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on 28 May 2001
Having read the other nine reviews of this book, I can only assume that if we vary between one and five stars then we vary greatly in the way giving birth has affected us. I only wish I could have read this book during the first difficult weeks of having my daughter instead of four months into it, when post natal depression was still affecting me greatly. The book pulls no punches about what motherhood does to you - from a life of complete individualism to one of complete control by a tiny human! This is the only book that tells it like it is FOR SOME WOMEN - not everyone is going to feel the way Kate Figes explains yet I cannot believe that MOST women don't feel some sense of loss when they give themselves up to motherhood. This book is a self-help manual to any woman who experienced a traumatic birth and who is finding motherhood nothing like the romantic image we might have had during our pregnancies - it reassures us that it is not bad to feel negative thoughts about what we have given up and it allows us to weep quietly when we relive the difficult moments of childbirth and the days and weeks afterwards that were very bleak. The positive thoughts we can take from the book is that other women have & will continue to go through what we are experiencing and that we can begin to enjoy our babies eventually - yes, there is life after birth!
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on 20 July 2010
I had a chance to read Life After Birth before my son was born, and I cannot praise it enough. Two things irritate me in most "New Mum" litterature: the sugar-coating of hard facts, probably for fear of upsetting a minority of mothers-to-be, and the dumbing down of conceptual and stylistic complexity, probably to "reach a wider audience". I agree with most of the points mentioned in other reviews, both appreciative and critical, but would add one other salient feature that made this the single most useful ante-natal book I read, (along with the classic "What to Expect" series): the quality of the writing! Finally a book where the author didn't feel compelled to talk down to me! I also really appreciated the references to medical/psychological research, statistics and historical/sociocultural contextualisation, which made her arguments more compelling and were a welcome reprieve from all the lowest-common-denominator "how to" litterature that dominates the parenting section of the book store. As if the fact that I was expecting implied that I no longer had a brain, or an education, or the emotional capacity to handle anything but rose-tinted oversimplifications-- As if overnight my definition of great poetry would shift from Beaudelaire to nursery rhymes!

I am not for a minute belittling the extroardinary joys of motherhood-- it's the best thing that ever happened to me. But Thank God someone prepared me for the intellectual vacuum, periodic loneliness and frequent tedium of the first few years! Thank God someone spelled out clearly some of the less obvious but perniciously recurring symptoms of Post Partem, so I didn't panic or blame the wrong causes. Thank God someone warned me that most women's bodies never go back to working the way they did before, so I didn't feel especially sorry for myself and resentful when that happened to me. I understand why some women were irritated by the negative, "worse case scenario" undertones of the book, but to me it really put things in perspective and was a welcome antidote to all that patronising litterature. At times I would have liked some more prescriptive suggestions addressing what to do about some of the difficult aspects of motherhood, not just an articulate description of the challenges. But overall, this book helped me to manage my expectations, feel more prepared to take those challenges in stride, and be grateful for the extroardinary moments of joy I'm getting to experience along the way.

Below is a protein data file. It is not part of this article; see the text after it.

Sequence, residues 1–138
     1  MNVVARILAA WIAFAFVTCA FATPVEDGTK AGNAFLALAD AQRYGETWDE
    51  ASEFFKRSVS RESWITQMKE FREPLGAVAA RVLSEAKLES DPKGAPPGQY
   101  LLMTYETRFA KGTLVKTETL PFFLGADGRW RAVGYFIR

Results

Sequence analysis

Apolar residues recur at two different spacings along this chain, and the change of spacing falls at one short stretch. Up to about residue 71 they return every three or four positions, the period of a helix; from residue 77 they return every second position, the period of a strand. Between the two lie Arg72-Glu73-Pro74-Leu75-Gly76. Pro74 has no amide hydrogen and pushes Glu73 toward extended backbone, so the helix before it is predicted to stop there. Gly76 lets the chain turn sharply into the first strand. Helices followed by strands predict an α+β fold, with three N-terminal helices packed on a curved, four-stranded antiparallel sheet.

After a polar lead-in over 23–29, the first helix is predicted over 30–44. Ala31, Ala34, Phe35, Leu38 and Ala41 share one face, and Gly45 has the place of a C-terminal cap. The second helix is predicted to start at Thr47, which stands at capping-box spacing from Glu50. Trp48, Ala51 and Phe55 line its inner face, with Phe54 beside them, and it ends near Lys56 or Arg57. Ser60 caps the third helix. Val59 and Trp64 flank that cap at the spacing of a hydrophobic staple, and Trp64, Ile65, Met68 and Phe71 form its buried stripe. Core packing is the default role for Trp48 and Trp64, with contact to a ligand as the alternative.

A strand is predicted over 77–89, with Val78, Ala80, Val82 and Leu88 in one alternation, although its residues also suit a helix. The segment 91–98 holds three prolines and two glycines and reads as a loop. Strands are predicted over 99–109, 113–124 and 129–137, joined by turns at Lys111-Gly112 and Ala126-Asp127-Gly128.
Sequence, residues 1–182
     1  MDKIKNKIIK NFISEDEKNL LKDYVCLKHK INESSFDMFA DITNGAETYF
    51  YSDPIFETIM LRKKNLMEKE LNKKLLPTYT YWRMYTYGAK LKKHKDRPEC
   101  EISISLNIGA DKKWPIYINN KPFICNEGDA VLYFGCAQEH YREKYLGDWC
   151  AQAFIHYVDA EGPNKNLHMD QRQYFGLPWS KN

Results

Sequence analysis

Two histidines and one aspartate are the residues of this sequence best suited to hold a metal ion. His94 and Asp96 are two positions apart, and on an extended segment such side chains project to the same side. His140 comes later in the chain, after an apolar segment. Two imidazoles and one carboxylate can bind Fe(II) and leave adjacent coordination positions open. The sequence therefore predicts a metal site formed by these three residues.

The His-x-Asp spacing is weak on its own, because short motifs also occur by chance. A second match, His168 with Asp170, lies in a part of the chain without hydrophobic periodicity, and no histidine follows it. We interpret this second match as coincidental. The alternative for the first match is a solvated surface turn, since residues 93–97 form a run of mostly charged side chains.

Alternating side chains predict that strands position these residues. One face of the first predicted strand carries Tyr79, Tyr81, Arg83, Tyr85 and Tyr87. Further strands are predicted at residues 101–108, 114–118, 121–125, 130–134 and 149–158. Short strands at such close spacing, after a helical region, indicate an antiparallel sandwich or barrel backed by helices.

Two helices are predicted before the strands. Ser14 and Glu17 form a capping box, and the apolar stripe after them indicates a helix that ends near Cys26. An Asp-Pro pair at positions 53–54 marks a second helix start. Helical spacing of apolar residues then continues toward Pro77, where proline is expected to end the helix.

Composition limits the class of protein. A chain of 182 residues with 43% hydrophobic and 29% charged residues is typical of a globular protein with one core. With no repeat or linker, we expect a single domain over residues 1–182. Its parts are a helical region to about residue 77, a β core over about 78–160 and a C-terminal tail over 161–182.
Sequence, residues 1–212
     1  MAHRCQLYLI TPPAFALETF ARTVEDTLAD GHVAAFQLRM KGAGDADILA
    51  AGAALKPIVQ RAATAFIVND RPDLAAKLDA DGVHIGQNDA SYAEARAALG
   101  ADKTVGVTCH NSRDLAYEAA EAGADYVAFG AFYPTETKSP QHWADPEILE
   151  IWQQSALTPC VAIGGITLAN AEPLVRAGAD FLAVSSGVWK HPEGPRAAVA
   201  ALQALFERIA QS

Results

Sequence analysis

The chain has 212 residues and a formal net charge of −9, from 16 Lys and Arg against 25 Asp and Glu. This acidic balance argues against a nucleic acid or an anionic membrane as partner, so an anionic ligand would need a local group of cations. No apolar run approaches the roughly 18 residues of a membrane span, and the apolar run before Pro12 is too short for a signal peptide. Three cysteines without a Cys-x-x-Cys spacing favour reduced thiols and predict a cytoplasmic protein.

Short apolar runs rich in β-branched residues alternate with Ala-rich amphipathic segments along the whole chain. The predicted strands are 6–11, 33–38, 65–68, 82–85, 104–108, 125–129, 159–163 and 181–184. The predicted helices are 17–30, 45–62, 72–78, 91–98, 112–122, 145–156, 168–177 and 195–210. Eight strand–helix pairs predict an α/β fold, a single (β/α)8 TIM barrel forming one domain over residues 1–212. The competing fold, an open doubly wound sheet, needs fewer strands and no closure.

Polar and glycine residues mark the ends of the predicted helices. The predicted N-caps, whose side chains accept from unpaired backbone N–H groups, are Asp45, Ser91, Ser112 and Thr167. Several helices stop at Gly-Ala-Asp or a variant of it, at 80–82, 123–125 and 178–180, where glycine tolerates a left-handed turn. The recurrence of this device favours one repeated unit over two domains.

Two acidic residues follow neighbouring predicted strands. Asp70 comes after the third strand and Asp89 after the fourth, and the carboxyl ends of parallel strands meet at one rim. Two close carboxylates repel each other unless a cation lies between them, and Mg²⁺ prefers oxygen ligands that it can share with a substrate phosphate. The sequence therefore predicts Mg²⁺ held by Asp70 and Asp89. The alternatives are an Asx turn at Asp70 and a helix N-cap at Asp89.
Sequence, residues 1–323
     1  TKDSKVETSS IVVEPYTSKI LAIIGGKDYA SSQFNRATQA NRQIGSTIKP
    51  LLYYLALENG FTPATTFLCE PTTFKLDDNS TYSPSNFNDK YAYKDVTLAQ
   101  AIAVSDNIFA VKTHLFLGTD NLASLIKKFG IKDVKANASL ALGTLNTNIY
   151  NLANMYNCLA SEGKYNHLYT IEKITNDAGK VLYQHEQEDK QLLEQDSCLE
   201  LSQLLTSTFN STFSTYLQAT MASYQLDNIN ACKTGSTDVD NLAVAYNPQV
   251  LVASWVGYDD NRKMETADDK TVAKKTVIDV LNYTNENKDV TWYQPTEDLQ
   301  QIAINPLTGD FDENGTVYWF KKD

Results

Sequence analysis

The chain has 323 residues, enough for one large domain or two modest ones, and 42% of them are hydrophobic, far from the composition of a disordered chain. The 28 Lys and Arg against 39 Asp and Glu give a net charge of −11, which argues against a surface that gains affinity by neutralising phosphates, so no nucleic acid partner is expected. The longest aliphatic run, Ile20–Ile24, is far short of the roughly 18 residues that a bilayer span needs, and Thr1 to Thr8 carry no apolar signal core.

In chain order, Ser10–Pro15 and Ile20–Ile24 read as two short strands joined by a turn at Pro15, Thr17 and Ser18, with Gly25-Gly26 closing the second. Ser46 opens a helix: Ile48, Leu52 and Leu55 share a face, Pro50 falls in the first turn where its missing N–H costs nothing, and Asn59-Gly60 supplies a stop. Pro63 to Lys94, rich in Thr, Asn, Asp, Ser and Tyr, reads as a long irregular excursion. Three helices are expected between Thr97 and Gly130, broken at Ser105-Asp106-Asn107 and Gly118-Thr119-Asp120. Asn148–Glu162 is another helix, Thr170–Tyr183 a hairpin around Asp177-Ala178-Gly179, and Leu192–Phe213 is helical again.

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on 17 May 2000
This is the book I wish I had read just after the birth of my daughter 10 months ago. Unlike the vast majority of post birth books, this is not a manual. It concentrates on the physical and psychological changes that occur to a woman putting them into context.
It presents an academic approach in an easy to access format, giving historical and sociological perspective to the way that we experience the post-birth period. For example, did you know that the concept of the mother staying home to take care of a child is a construct of the 20th Century? Before that, babies were brought up by nannies or extended family members depending on the social background of the family.
I found the sections on the impact that a baby has on friends of particular relevence. It did explain some surprising things that had been going on in my life.
I was delighted to find an unvarnished account of the problems that can be experienced which also gave full weight to the delights of motherhood and fully supported a range of childcare and lifestyle options, rather than dictating one. I have already given a copy to my best friend and would recommend it to anyone considering having a child, as well as those who have just given birth.
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on 26 October 2000
Despite the happy scene on the cover of this book, the subject matter is about the negative physical and emotional impact of birth and babycare. I was terrified to read it when five months into my pregnancy. Figes is a good writer, and her description of the hardships that new mothers often experience is very evocative.